By Ashish Chanda -11th April 2020
We are witnessing the evolution of change.
In his recent letter to Blackrock’s shareholders, CEO Larry Fink wrote about how what we are seeing today is not a financial crisis in the real meaning of the word, but a crisis of confidence. This is not a bubble bursting, or a sector collapsing. But though this recession is not borne out of a structural fault, it will definitely lead to long-standing structural changes in our world.
In times like these, the best thing to do is to look at experts and ask for healthy, sane advice. So, for our April roundtable, we asked our partner firms for their views on the topic. Here’s what they had to say:
Sanjay Guglani (Founder and CIO) of Silverdale Funds
As I write this, New York, Italy, France, and Spain have seen their weekly COVID numbers go down, raising hopes of an approaching plateau of the virus spread. Even though it is early days in this fight, talk has already shifted to ‘when’ and ‘how’ we are going to recover from this.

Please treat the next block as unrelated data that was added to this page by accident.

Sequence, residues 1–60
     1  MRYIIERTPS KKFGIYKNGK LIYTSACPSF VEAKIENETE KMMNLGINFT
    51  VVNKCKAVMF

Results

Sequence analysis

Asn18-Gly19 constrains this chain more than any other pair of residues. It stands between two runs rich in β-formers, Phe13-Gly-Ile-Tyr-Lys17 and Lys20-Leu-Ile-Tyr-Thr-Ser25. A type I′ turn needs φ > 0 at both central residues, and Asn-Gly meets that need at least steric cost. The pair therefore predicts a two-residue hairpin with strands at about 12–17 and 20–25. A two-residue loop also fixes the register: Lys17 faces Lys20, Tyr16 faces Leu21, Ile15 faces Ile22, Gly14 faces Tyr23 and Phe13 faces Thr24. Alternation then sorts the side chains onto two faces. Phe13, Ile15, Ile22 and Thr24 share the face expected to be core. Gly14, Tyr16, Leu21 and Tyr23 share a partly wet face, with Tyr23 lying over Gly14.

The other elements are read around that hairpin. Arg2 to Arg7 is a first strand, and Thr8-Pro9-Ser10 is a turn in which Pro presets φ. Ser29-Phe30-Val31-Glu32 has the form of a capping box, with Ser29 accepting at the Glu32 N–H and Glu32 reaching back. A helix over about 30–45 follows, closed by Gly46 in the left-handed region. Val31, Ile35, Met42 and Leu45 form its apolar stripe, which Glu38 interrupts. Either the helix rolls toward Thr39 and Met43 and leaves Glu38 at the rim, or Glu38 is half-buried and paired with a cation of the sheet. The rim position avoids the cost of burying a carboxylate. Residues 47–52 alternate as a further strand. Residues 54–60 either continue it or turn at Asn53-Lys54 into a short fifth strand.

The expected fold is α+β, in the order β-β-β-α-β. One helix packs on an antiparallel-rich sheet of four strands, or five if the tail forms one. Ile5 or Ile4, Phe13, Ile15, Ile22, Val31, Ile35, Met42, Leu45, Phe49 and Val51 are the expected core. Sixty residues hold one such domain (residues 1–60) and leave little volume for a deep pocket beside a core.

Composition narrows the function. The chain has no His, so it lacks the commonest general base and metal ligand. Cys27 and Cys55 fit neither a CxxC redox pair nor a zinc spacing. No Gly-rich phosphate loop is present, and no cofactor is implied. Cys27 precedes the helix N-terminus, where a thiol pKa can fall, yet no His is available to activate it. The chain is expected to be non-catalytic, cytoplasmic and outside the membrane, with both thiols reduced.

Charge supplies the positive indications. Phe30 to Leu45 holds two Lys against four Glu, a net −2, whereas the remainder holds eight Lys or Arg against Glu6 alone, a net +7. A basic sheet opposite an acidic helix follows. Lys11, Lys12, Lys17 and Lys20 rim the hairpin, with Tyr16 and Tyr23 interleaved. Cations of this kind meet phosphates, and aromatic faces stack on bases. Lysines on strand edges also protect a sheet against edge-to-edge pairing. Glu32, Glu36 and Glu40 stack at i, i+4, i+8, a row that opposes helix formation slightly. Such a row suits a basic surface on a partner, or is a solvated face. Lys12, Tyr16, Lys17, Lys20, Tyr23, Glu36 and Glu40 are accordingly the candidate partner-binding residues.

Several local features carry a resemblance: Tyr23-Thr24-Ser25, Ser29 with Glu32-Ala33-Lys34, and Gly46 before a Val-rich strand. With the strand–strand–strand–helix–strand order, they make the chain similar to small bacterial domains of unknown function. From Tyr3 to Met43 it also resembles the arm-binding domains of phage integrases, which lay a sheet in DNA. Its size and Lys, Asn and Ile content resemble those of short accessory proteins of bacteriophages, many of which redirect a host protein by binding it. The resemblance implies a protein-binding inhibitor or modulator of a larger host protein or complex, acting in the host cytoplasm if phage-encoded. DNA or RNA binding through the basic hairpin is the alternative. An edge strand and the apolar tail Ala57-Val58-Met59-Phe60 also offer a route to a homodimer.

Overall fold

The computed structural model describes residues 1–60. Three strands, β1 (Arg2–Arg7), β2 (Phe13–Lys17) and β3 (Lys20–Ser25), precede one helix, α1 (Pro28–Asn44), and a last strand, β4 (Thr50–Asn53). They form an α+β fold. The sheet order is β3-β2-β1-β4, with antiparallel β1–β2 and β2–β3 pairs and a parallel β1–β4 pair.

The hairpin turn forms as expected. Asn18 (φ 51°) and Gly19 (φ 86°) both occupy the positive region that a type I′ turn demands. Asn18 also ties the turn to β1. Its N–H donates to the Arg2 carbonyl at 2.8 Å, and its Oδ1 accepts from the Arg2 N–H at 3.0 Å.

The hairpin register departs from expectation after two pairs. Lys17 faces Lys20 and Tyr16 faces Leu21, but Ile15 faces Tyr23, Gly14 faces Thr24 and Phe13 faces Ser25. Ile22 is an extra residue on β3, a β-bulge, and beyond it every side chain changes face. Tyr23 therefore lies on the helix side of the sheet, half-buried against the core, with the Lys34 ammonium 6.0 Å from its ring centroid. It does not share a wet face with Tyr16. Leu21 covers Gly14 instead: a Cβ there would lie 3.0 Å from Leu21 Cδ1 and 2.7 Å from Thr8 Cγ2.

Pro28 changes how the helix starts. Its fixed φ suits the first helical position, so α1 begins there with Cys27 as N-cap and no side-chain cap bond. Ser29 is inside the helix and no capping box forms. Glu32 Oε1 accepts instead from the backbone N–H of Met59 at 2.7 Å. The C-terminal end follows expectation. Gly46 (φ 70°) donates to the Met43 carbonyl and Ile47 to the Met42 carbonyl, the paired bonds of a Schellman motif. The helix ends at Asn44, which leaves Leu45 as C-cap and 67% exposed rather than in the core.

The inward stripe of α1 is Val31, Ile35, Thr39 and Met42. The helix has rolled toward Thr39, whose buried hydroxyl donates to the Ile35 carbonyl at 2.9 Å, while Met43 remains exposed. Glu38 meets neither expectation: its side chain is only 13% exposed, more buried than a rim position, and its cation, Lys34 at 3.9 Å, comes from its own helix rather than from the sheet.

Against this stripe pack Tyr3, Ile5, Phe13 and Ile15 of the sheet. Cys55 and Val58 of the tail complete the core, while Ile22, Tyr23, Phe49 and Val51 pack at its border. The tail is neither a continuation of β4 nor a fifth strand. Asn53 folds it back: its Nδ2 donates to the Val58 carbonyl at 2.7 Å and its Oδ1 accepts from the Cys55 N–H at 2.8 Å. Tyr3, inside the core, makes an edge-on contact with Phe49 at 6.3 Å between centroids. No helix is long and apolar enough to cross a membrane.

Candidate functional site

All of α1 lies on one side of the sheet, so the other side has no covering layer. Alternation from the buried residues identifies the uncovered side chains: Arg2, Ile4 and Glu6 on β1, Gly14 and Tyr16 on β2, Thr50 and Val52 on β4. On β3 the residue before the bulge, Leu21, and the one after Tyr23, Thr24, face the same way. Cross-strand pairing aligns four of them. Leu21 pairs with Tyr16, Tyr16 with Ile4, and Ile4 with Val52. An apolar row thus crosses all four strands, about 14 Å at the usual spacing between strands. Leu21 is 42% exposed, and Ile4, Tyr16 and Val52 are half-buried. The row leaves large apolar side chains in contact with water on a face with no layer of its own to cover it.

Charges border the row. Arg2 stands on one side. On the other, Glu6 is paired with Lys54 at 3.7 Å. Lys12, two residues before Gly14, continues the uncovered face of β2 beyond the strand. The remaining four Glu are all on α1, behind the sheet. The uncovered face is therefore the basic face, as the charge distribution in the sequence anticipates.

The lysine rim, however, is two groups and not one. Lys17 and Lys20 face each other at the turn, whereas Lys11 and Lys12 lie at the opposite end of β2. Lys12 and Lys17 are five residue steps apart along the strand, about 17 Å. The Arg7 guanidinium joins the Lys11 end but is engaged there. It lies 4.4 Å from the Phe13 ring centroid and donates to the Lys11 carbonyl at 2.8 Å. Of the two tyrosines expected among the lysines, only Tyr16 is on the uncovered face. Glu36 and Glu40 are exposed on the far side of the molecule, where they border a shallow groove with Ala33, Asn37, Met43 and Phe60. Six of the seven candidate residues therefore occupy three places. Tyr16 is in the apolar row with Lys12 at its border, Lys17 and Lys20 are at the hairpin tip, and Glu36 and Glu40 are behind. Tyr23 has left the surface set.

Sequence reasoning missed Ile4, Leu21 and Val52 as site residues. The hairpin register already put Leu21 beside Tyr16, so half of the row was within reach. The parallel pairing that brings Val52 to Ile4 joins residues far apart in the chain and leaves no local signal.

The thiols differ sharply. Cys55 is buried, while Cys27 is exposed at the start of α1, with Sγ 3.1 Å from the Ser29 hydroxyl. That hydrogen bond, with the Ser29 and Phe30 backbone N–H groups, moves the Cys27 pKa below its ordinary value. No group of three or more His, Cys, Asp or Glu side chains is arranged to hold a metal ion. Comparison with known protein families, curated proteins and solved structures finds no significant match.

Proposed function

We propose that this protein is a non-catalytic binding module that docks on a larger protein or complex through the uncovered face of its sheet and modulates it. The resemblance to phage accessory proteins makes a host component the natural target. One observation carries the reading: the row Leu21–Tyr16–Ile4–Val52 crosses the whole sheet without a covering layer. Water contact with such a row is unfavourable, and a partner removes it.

Sanjay is of the opinion that “the recovery would be fairly swift but with a clear shift to ecommerce, and lifestyle brands that support social distancing or remote working like tele-meetings. The earnings for the June quarter will bear the brunt of the lockdown. On the other hand, the worst for credit markets looks to be over, especially with the Federal Bank and ECB back-stopping the markets, and fiscal stimulus announced by various Governments.
The panic we saw in the initial weeks of March (‘sell what you can’) is currently being replaced with ‘flight to safety’. Investment Grade bonds have seen marked appreciation in prices this week and are expected to continue to appreciate over the coming months. As regards non-investment grade bonds, one needs to be highly selective. Given huge uncertainties, it would be prudent to stick to shorter-duration bonds. Savvy investors can take advantage of significantly lower borrowing costs, to enhance their returns. As always, it would be better to invest through a broad-based fund, rather than taking monoline idiosyncratic risks.”